According to trademark law, a trademark’s sole purpose is to identify the source of a product or service rather than identifying the company itself.
I know that’s a little confusing so I’ll try to elaborate.
Whenever you use your corporate name followed by its legal designation (Inc., Company, LLC, Ltd or another designation that your name modifies) that is a “trade name”. In this form it does not identify the source of a product or service, rather it identifies my corporation’s entity. In my case, Signature Strategies is an adjective phrase modifying LLC.
But I could probably trademark “Signature Strategies” as a source of branding and positioning knowledge and experience. In other words, I shouldn’t say, “Signature Strategies® is a branding firm”, but I can say “Signature Strategies® services can help you profit from the power of branding”. In this way it identifies the source of a service, not the business itself.
The Coca Cola Company just happens to have a product by the same name. Thus the product is trademarked but the company name is not. If you’d look at a Coca Cola Company business card you would see that the name, Coca Cola Company is not accompanied by a registration mark. But if the product were also on the card, in its distinctive logo format and color, it would have a trademark registration behind it. That logo, if complying strictly to the trademark code, would be visually removed from the corporate name and address.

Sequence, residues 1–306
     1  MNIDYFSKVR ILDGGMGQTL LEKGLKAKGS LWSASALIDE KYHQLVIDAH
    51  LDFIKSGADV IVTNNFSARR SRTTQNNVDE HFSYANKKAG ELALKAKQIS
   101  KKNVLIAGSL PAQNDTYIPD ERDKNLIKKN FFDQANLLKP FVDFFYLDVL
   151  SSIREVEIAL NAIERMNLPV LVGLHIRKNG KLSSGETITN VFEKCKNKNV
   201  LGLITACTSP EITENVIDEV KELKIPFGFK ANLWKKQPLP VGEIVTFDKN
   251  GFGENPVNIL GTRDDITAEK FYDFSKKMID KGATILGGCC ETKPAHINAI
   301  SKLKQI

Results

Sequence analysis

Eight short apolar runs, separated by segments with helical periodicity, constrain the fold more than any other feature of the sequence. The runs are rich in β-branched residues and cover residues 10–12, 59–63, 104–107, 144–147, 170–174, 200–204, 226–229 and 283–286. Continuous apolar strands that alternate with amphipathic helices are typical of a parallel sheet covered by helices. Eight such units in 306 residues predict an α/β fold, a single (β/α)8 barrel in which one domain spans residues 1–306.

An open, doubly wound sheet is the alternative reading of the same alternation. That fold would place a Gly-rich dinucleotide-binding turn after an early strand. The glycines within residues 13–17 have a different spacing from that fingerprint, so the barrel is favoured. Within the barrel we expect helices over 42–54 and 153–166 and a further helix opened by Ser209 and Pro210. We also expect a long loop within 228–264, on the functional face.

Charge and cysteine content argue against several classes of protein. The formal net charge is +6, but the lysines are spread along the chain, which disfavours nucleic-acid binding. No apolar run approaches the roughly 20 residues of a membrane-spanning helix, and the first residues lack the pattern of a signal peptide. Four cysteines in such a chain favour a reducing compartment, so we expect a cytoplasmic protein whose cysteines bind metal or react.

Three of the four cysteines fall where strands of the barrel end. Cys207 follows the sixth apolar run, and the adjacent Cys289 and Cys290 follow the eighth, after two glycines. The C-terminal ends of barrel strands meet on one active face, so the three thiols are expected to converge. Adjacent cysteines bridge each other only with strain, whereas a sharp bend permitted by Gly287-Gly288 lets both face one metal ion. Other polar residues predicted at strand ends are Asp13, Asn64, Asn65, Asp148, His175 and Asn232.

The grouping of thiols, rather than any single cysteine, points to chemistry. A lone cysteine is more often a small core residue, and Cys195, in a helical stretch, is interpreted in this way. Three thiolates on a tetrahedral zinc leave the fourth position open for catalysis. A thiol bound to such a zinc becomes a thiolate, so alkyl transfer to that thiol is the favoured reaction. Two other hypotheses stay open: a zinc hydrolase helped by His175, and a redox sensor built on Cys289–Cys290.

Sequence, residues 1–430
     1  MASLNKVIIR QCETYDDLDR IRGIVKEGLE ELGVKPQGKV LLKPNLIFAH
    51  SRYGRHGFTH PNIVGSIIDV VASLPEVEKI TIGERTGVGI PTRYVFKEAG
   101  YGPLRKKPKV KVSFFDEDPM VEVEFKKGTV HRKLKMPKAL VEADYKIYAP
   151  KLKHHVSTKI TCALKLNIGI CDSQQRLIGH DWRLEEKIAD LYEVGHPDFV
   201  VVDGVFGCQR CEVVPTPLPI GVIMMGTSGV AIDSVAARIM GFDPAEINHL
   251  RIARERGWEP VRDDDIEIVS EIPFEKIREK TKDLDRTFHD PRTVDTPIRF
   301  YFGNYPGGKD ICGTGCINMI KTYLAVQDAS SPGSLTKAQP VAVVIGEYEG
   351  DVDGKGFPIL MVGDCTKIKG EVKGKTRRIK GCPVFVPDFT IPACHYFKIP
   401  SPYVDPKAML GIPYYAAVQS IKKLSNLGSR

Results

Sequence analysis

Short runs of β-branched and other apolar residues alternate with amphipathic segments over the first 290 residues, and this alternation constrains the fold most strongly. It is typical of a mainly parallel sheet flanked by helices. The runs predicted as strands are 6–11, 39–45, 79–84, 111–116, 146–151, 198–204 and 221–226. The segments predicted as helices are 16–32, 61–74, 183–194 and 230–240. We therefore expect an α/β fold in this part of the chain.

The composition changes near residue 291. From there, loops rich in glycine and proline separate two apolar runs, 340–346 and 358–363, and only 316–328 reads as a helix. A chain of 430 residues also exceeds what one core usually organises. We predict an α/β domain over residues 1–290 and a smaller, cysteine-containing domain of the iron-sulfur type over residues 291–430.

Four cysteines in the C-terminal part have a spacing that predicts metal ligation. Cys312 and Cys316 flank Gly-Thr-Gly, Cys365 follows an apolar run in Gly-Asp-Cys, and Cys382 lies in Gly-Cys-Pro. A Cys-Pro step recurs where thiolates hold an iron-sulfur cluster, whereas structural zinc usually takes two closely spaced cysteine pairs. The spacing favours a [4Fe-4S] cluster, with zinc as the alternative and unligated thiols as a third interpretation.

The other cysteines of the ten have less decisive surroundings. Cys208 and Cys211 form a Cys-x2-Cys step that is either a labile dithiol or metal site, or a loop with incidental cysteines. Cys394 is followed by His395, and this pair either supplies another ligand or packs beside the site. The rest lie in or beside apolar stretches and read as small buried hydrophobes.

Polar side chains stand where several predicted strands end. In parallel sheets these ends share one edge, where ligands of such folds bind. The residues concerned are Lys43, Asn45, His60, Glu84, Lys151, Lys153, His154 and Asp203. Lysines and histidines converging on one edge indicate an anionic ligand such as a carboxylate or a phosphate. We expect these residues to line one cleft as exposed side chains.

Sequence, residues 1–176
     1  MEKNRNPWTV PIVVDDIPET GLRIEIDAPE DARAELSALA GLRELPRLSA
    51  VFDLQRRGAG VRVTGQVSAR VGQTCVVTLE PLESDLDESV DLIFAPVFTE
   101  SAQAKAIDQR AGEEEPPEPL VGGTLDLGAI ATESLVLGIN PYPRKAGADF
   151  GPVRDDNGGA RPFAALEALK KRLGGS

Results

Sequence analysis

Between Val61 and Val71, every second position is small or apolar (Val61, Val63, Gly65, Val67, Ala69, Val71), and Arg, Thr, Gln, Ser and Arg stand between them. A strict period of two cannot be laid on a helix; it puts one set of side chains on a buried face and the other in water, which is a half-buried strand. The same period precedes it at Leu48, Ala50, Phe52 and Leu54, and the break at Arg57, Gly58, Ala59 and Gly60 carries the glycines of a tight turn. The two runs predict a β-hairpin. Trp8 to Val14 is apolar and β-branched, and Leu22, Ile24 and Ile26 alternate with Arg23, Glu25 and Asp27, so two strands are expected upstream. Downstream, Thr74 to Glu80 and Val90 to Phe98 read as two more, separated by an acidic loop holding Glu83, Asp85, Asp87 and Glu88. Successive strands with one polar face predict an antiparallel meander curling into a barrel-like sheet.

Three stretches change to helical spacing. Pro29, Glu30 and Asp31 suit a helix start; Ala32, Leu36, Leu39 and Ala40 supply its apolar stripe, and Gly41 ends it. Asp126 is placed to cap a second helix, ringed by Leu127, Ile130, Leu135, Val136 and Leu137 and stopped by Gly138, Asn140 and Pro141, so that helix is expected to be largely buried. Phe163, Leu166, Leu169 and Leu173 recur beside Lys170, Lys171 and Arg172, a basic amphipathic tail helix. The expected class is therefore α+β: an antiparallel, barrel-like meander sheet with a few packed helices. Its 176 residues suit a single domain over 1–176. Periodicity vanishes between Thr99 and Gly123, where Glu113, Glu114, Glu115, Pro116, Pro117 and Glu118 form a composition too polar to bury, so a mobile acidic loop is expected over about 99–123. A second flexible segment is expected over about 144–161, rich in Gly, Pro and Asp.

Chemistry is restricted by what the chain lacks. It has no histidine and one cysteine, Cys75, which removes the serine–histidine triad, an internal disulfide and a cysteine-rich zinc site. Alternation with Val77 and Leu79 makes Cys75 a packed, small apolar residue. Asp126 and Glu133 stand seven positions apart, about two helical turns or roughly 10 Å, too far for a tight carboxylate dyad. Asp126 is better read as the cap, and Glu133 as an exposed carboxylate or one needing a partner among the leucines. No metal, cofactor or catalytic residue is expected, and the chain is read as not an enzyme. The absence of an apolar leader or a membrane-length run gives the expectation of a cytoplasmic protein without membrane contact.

Certainly, Coca-Cola Company cannot protect its corporate name. It just that that protection will not come from a trademark.
I’m not a legal eagle. I’d say its best to get advice from an intellectual properties attorney to determine the best way to protect your corporate name. But an alternate source might be LegalZoom. This outfit has lots of info on it’s website as well as services to help you with trademarks, incorporation and registrations. (Note that I’ll make a commission on any sales they make through this link).
Also, think ahead. If your company name is also the name of your first product, as in Coke’s case, your naming considerations will be slightly different than if your products or services were to be named separately from the corporate name.
This factor should be considered in your naming brief, the document that will direct your naming effort.